Social media has its positive uses, AuSable Valley Central School Superintendent Paul Savage observed.
“But unfortunately, it can also be used and viewed as a negative, especially for people who are predisposed to mental health issues and/or are vulnerable to negative social media posts.
“It can be a hurtful tool for anyone, but when you’re young and going through a difficult time or trying to figure out life, it could have a major negative effect on one’s mental and physical health.
“People always need to be more aware and sensitive to what is posted and shared.
About 94 percent of those who die by suicide show signs ahead of time, Black said.
Sometimes, there seems to be nothing to point to.
Zander LaDuke’s family and friends say the Beekmantown High School senior gave no clue before ending his own life last December.
He had expressed feelings of sadness and had seen a doctor a few weeks earlier, his mother, Amanda, said. But otherwise, he’d been an active kid with a wide range of interests and no apparent underlying issues.
It’s fairly common for families, after a suicide, to say they have no idea what prompted it, said Amanda Allen, executive director of NAMI: Champlain Valley, a peer-run mental health support organization in Plattsburgh.
“Later on, as they go through the grieving process they may identify signs,” she said.
But some families never know.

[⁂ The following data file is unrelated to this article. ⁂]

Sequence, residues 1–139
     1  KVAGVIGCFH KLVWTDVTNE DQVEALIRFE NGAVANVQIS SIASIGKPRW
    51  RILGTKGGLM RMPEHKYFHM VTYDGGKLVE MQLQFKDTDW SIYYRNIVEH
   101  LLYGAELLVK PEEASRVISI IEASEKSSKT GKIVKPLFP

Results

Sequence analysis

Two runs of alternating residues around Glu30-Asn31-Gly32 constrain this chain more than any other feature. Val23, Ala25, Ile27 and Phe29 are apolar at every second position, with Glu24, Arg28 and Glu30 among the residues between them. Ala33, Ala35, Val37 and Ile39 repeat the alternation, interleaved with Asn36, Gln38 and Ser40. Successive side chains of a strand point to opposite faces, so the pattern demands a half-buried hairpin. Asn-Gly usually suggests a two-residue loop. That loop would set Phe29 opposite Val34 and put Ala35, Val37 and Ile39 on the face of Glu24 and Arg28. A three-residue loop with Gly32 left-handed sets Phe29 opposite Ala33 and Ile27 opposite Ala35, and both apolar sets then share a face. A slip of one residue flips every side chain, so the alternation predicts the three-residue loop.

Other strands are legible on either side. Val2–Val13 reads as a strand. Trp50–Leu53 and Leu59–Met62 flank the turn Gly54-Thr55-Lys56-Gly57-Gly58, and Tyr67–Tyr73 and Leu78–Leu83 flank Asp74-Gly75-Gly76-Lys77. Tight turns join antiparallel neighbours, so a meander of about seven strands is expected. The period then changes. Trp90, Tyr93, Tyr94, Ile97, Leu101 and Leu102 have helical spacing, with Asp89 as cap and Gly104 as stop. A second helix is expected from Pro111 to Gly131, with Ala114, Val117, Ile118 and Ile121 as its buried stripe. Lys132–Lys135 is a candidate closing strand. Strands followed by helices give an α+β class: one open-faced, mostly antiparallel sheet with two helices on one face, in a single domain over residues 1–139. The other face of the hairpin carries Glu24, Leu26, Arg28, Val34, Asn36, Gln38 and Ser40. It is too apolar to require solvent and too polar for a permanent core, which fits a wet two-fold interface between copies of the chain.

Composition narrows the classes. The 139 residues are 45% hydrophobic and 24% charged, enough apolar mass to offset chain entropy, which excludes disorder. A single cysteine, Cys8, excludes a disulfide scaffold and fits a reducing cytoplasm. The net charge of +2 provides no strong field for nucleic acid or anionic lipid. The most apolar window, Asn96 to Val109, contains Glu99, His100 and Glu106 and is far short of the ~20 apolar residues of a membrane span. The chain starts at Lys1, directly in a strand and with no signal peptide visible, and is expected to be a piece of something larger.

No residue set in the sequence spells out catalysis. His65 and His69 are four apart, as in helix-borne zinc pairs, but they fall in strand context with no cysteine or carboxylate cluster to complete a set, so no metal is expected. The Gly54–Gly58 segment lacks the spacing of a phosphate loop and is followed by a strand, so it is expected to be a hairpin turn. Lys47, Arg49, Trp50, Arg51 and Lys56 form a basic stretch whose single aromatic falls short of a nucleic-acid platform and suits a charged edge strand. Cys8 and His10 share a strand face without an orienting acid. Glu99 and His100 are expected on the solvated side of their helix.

KIDS BOUNCE BACK
It’s important to remember the underdeveloped frontal lobe, Black said — that tendency to make impulsive choices.
An adolescent may take that irreversible step one minute, or, if someone happens to intervene at just the right time, never consider it again, Black said.
After a suicide, she said, “when we look at it forensically, there may be an indicator to show where a trusted adult intervening may have reduced the risk.
“Kids bounce back,” she said, “but we need to be able to go in at that moment and be that nonjudgmental person.
“Sitting in silence is fine,” she added.
Sometimes, that’s all that’s needed for a child to regain his or her emotional balance.
“Even with kids with diagnoses who are getting multiple supports, medication, talk therapy ...,” she said, “having that trusted adult makes a difference.”
EYE TO EYE
Recently, Black addressed an audience of parents at Plattsburgh High School.
Her talk? “Not My Kid.”
That’s often a parent’s belief, she said.
“Not my kid — they’d never take their own life,” she said.
Instead, moms and dads need to think from the perspective of protecting their children.
“Each and every one of us could prevent suicide,” Allen said. “Open a conversation.”